Both these people are saying we need fresh thinking. And they are not alone.

And we have seen some good progress in some areas. Despite initial resistance by some, Merino NZ has added an alternative way on doing things for some wool growers. As we can see from those Department of Statistic figures, lamb has been the best performer of our agricultural products. Lamb has gone through a transformation.

In 1990, 80% of lamb sold was in carcass form, today 78% is in added value finished product form. In 1985, farmer's average weight was 13.7kg, now it is 15.4kg . This is impressive by anyone's standards. Progress has been made on both sides of the farmgate.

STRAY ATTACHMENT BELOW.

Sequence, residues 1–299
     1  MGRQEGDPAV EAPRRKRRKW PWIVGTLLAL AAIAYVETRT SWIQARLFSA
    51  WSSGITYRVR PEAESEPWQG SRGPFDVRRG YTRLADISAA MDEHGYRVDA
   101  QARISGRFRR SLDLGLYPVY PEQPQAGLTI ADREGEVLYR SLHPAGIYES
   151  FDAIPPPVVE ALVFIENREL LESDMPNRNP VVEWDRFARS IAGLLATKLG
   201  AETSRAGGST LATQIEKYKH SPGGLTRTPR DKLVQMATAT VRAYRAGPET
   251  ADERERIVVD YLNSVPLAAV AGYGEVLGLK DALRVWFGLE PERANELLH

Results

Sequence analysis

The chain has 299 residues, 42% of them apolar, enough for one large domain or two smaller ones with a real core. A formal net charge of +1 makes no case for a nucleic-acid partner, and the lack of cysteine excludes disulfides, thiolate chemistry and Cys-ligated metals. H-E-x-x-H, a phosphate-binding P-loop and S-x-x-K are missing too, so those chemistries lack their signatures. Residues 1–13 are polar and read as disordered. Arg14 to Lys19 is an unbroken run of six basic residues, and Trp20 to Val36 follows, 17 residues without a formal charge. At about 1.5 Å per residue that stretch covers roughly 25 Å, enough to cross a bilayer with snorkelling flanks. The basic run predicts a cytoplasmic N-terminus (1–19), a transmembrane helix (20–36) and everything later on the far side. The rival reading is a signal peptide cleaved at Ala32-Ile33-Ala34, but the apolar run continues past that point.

How can Government assist in allowing innovation to become an even greater driving force in our agricultural sector? How can we facilitate change in response to technology and the market place. Technology like the internet means changes in selling and distribution channels. For example, I can now purchase all of my fruit and groceries on the internet and have them delivered without going near a supermarket or shop.

A small beverage maker in Scotland now sells worldwide without an overseas agent. Amazon Books provides worldwide access to literally millions of book titles. This is just one example of the challenges, irrespective of politics, to the status quo.

It is in this context that the government has provided growers and farmers with the opportunity to have their boards present a vision and strategic plan for their future. Government has simply said, lets have some fresh thinking.